Wednesday, February 23, 2011

What Does My Deacon Do?

  A few weeks ago I read a great post at Catholic Mothers Online entitled, "What does a Deacon Do Anyway".  I felt it was right on the money with many Catholics.  Before my dad became a deacon a few years ago, I had no idea what deacons did either.  I would see them at Mass, and hear them preach the Gospel and even sometimes do the sermon, but I didn't understand why they were doing these things and not the priest since he was perfectly capable and sitting right there!  I think this is probably the view of most uninformed Catholics, and maybe they even take it to another level where they may think the deacon is taking over the role of the priest.   My dad was victim this kind of ignorance in the parish where they were parishioners for 30 years.  Thankfully, they found another parish that welcomed my father as Deacon and have been very grateful for all the wonderful talents and gifts my dad (and mom) have brought to the parish.

One thing I learned from my dad was why a deacon proclaims the Gospel and not the priest at Mass.  He said one of the main functions of a deacon is to preach the Gospel -both literally and figuratively.  I never was so proud of my dad as I was when I saw him proclaim the Word of God for the first time the day after he was ordained.  What an honor to be called by God to proclaim the living Word of God!

Here are some more things about deacons that you may not know:

*Guest Post by my Dad*
What can you do as a Catholic deacon?  Well, the short answer is that the deacon assists at Mass as “the deacon of the Mass”, administers baptism, officiates at marriages, wake services, funerals, benediction, and prayer services. That is some of his functions but perhaps a more accurate description can be found not in his function but in his being.  Thus a better question  might be; what is a deacon? 

            A deacon is not a “mini priest” nor a glorified alter server, but has a separate and distinct ministry. Just as a mother is not defined by her functions, what she does, but a mother is described best by who she is. So it is also with the Catholic Permanent Deacon.
Permanent Catholic deacons (vastly different from protestant deacons) are ordained men. That makes them part of the church hierarchy subject to obedience to the local bishop. With that said, the deacon is not a man elevated to the ranks of the clergy to be served. Instead he is ordained to serve others in the church and his environment.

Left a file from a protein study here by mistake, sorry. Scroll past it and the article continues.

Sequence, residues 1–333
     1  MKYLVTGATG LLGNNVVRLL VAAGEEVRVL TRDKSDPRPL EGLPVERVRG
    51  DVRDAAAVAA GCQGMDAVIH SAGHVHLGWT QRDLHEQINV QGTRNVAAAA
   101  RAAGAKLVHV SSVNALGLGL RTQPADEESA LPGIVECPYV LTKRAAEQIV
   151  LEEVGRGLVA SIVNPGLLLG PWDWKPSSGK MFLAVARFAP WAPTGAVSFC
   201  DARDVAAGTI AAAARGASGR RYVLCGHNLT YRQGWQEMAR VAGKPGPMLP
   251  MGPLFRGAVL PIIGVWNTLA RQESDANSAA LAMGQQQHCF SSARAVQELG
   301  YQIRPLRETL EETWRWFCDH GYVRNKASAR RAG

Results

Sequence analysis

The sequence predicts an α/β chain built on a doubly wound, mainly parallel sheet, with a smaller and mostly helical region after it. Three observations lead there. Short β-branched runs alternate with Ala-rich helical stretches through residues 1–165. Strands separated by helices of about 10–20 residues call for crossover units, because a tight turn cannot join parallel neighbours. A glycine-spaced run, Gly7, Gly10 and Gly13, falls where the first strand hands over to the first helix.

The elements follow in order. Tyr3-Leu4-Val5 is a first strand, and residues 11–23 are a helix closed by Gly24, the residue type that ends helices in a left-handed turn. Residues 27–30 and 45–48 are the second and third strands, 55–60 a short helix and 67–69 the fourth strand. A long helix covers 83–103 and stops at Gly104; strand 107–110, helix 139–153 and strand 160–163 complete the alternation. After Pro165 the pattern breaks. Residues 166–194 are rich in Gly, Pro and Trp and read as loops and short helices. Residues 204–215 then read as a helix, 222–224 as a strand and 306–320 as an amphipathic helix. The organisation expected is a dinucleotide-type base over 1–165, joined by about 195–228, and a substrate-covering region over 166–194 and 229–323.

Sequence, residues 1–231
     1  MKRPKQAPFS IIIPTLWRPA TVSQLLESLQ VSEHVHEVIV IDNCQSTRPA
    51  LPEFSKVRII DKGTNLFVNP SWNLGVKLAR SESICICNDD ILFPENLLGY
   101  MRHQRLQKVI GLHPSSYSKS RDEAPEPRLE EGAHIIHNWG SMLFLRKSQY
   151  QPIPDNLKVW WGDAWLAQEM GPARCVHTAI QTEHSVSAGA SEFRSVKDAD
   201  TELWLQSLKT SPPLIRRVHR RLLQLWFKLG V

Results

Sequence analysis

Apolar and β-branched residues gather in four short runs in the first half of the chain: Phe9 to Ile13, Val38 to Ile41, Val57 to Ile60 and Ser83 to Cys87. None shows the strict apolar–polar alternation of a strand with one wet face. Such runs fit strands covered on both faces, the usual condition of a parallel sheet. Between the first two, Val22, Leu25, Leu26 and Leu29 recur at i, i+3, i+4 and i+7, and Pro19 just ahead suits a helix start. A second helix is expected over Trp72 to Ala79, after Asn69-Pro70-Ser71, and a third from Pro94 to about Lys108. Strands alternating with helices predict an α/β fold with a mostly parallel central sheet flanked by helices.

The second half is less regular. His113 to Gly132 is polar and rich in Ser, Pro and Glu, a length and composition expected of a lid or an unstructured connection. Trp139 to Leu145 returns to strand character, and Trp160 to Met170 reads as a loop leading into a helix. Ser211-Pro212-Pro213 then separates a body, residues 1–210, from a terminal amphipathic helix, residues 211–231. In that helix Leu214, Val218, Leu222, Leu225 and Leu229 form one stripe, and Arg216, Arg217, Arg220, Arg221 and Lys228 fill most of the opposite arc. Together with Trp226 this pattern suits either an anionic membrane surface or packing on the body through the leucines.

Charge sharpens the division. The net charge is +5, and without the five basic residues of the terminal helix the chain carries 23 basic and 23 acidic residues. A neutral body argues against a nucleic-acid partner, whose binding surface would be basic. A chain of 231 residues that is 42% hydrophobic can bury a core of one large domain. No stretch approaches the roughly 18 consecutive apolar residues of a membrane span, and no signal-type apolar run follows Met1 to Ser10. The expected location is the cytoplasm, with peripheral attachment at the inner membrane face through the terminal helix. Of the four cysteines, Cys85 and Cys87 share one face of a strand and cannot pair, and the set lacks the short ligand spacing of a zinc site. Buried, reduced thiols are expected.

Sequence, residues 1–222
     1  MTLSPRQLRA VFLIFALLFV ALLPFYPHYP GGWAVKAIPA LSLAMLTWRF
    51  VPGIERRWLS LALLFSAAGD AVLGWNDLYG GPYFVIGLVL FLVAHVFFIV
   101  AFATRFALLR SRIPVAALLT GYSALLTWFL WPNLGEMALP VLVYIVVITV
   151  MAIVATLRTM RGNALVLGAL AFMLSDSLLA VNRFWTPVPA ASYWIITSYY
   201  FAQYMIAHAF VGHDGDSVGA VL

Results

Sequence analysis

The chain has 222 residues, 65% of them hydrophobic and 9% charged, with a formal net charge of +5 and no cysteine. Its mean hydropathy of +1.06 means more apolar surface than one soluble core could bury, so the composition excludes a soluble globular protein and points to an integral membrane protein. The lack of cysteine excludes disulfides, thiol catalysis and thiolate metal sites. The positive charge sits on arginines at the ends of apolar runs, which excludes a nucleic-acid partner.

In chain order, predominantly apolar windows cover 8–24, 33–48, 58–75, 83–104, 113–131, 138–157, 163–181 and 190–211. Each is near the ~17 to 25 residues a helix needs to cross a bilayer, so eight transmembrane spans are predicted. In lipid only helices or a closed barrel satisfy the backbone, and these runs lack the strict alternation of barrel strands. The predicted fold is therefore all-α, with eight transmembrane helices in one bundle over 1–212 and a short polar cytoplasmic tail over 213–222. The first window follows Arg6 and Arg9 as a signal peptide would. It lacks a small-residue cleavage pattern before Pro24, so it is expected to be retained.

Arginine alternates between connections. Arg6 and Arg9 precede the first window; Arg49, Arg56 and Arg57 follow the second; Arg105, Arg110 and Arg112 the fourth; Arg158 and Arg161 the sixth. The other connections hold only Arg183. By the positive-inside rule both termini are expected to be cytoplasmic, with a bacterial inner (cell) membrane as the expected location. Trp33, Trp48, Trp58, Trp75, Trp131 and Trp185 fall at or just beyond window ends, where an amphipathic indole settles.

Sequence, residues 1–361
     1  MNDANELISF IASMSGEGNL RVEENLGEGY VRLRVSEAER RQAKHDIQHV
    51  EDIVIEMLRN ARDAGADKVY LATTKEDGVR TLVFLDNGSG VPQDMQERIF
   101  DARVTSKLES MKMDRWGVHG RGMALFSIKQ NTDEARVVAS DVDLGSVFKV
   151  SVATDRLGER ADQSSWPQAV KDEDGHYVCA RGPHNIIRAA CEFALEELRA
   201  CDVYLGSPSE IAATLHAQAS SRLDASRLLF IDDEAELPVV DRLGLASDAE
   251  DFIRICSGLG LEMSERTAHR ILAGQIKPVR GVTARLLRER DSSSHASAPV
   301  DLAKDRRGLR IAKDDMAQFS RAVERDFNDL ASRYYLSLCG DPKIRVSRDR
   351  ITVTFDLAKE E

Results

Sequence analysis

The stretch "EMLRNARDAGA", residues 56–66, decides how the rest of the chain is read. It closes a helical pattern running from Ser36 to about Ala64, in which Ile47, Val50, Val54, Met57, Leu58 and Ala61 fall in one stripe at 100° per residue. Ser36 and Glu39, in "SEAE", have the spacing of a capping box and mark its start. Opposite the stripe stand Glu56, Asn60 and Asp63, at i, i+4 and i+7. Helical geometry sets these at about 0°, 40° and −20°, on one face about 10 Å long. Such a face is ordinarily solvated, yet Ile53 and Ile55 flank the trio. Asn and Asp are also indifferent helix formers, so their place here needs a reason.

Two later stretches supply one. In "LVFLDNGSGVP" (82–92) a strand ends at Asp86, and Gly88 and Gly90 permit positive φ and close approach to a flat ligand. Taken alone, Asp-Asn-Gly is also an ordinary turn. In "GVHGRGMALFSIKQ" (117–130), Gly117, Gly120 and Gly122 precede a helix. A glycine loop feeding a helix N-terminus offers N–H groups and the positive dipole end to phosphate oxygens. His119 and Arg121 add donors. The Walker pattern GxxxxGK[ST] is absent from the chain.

Most permanent deacons have secular jobs; many are married with families. The uniqueness is that they are very ordinary common men, ordained to serve the church in a special way as a deacon, a cleric living as a secular. I think of it as the world of the hierarchy streaming into the secular world. Personally I feel like I have one foot in the clerical world and the other in secular one.

            As a married permanent Catholic deacon I have two vocations. My first and foremost is marriage and family. When I was ordained in 2008, my bishop reminded me that my first vocation is to be a good husband and father.  My second vocation is clerical ministry serving the church as a deacon. Bishop Kinney told me that I cannot be a good deacon unless I place my first vocation (marriage) first in my life.

 Every deacon has different circumstances in their life and it is not always easy to maintain a proper balance. Many times the family life suffers when the clerical life takes over. The result can be a meltdown of both vocations. I firmly believe that prayer and good relationships is the key to proper balance in life. That is why my wife Bonnie and I pray together every night. We need prayer, to keep us grounded in our relationship with each other as well as our relationship with God and others.

In ending, I recall the words of Bishop   John Kinney “it’s not about the deacon, the priest, or the bishop.  It’s all about Jesus Christ and how we bring that presence into this world”.

Deacon Jim Schulzetenberg


Jamie Jo said...

That was beautiful!

So good to hear your father's "voice" here on your blog!!

Very good post.

Allison said...

Great post! My dad is in the process of becoming a deacon as well :) God-willing, he will be ordained in 2015!

noreen said...

And from what I understand, it's a volunteer job. Not a paid one. Must be a labor of love! We have 3 deacons at my church and two of them have been my bible study leaders. They are wonderfully dedicated men to spreading the Word of God and living out their faith.

Joanne said...

Thanks for the great post. God willing, my husband will be ordained a deacon in June after five years of formation. I expect it to be a time of transition for not only us but also whatever parish that he will be assigned to. Since we still have young children, we are hoping that he will be close to home in his assignment.

Sarah Harkins said...

Joanne and Allison, that is wonderful news about your husband and father in formation for the deaconate! The church is so blessed to have men who are willing to give there lives over to the service of God in this important way.

Noreen, there are some paid deacon positions, but not many. They certainly don't do it for the money- it more like they get paid because they need to pay for food and housing because they have given up their former jobs to serve the church. Kind of like a priest gets a stipend. Bottom line: It's a calling, not a job. and yes, a labor of love!